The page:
The existence of hummus is yet another example of the seemingly endless usefulness (and deliciousness) of chickpeas. I feel the same way about hummus as I do about falafel; they are both so rich, satisfying and flavourful, it’s hard to believe they are also so nutritious.
It hardly needs a recipe; I usually just throw a jar of chickpeas into the food processor and then taste as I go, adding lemon juice etc., until it tastes “right”. Today however, I wanted to make a note of what I added to make it easier next time (and to avoid those occasional salt or garlic overdoses).
I like my hummus bright and lemony, not too garlicky; toasted sesame seed oil can be used to replace the very-high-oxalate tahini, if desired. The tea you see in the photo is rooibos that I’ve started blending a few rose petals with to add a subtle note of rose water, which goes well with the hummus.
I’ve been using either chickpeas that I cook (and then freeze) from dried, or pre-cooked chickpeas from a jar.
(makes about 1 1/2 cups)
1 13 oz jar of chickpeas (or 1 2/3 cups/400ml cooked chickpeas)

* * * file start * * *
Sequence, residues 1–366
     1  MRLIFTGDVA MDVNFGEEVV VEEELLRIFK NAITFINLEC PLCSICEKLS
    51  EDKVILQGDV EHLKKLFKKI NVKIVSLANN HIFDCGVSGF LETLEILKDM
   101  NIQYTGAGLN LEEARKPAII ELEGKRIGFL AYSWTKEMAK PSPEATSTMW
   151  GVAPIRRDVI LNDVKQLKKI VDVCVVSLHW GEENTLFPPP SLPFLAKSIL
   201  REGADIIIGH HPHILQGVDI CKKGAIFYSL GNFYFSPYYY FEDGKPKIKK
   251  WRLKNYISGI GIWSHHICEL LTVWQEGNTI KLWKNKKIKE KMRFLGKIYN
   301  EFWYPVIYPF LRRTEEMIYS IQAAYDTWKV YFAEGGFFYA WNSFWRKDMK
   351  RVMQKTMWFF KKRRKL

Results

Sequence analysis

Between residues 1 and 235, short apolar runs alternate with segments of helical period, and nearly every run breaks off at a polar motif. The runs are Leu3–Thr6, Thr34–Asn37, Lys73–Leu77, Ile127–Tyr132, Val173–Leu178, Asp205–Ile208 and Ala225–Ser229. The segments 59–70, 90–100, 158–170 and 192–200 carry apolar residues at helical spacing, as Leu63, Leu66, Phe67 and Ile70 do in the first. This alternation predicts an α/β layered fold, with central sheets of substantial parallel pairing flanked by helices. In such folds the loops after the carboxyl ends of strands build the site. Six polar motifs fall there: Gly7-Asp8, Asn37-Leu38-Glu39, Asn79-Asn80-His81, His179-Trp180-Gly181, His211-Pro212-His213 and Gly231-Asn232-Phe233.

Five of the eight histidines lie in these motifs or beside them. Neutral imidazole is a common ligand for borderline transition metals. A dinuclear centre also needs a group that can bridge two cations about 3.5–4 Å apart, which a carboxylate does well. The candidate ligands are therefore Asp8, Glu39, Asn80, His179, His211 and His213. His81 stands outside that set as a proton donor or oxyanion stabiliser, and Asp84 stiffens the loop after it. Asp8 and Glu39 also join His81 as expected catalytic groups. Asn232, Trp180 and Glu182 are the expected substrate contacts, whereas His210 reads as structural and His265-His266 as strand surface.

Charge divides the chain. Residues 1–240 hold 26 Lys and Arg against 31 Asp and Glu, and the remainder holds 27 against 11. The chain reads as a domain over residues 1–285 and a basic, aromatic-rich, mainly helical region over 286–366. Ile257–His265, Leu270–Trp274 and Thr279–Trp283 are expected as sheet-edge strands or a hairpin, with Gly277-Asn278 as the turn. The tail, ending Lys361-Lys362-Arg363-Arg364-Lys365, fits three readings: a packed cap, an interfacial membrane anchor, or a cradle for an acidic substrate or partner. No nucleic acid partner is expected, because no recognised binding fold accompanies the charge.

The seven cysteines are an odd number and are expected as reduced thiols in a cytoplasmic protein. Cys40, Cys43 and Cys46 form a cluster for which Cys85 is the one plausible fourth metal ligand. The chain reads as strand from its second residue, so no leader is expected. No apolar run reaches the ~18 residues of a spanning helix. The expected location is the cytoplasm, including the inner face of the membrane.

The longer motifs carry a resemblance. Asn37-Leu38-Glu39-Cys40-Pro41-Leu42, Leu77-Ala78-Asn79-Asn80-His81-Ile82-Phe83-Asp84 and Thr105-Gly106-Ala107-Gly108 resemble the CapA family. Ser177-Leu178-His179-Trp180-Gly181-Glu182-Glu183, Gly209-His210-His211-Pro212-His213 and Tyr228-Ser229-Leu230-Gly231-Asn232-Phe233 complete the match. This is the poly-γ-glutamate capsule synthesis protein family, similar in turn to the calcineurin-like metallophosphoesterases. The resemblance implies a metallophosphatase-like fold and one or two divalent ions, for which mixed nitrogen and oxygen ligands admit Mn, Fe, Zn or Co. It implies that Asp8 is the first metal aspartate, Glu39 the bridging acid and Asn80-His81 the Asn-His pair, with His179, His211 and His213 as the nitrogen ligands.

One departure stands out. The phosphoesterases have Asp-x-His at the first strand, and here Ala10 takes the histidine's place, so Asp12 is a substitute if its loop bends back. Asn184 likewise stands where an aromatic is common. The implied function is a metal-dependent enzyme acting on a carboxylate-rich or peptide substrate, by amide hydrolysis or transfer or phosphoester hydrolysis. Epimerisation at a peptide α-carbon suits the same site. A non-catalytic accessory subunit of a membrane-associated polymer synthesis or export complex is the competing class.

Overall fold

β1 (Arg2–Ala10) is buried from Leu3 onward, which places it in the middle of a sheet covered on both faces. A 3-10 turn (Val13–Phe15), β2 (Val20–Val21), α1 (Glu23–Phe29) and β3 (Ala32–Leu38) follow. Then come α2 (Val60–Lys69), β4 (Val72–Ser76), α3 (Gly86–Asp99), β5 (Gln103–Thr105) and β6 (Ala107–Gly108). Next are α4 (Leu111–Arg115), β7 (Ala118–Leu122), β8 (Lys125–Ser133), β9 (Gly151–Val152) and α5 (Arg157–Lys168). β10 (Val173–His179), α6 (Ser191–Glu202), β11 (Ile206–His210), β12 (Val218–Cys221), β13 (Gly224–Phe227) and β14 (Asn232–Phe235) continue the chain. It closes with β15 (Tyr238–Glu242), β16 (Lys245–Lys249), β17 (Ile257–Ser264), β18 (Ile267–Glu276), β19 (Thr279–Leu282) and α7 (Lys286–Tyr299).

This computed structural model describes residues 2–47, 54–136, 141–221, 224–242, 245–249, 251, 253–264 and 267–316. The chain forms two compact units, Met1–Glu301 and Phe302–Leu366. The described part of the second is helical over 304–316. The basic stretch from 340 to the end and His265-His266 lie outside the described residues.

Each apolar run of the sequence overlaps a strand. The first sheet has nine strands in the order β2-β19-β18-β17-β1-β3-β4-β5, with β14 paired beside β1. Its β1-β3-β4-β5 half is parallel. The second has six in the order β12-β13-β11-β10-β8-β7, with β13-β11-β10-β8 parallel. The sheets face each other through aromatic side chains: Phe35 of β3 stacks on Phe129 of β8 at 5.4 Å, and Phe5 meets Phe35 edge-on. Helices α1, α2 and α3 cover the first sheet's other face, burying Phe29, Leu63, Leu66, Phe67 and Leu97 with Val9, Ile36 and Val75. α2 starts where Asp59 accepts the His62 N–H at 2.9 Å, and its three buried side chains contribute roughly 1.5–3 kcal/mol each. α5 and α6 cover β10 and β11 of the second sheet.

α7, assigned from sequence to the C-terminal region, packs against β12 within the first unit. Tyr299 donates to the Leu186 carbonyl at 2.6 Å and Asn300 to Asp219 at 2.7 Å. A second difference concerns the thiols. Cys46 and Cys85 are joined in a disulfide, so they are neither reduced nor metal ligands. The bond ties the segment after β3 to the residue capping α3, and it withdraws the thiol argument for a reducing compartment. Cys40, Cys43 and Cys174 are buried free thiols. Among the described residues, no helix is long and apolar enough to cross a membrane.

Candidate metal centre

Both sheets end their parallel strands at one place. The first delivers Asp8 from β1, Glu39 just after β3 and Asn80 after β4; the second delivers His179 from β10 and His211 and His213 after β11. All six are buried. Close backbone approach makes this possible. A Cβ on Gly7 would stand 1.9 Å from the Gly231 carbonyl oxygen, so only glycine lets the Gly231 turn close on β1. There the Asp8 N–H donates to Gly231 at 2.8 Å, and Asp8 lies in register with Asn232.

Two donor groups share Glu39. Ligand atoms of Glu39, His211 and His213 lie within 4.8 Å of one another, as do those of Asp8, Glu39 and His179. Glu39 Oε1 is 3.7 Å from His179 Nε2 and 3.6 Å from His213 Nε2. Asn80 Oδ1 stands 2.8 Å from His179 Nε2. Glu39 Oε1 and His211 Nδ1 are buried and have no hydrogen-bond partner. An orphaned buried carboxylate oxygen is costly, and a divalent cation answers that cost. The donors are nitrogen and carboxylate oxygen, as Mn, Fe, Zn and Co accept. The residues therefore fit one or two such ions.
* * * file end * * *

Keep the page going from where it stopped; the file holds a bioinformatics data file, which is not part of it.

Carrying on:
juice of one lemon (or less, to taste)
1/4 teaspoon salt
1 clove of garlic
2 tablespoons olive oil
1/2 teaspoon toasted sesame oil*, or 2 tablespoons of tahini
2 tablespoons water (or more or less, depending on the consistency you like)
Pour chickpeas, lemon juice, salt, garlic, olive oil and sesame oil/tahini into food processor. Blend until almost smooth, then add water, one tablespoon at a time, until it reaches the desired consistency.
*the entire batch of hummus has about 18mg oxalates, when made with sesame oil, so divided into four servings, each serving would be about 4.5mg.
- 1 13 oz jar of chickpeas or 1 2/3 cups/400ml cooked chickpeas
- juice of one lemon or less, to taste
- 1/4 teaspoon salt
- 1 clove garlic
- 2 tablespoons olive oil
- 1/2 teaspoon toasted sesame oil for low oxalate version OR
- 2 tablespoons tahini
- 2 tablespoons water or more or less, depending on the consistency you like
Pour chickpeas, lemon juice, salt, garlic, olive oil and sesame oil/tahini into food processor.
Blend until almost smooth, then add water, one tablespoon at a time, until it reaches the desired consistency.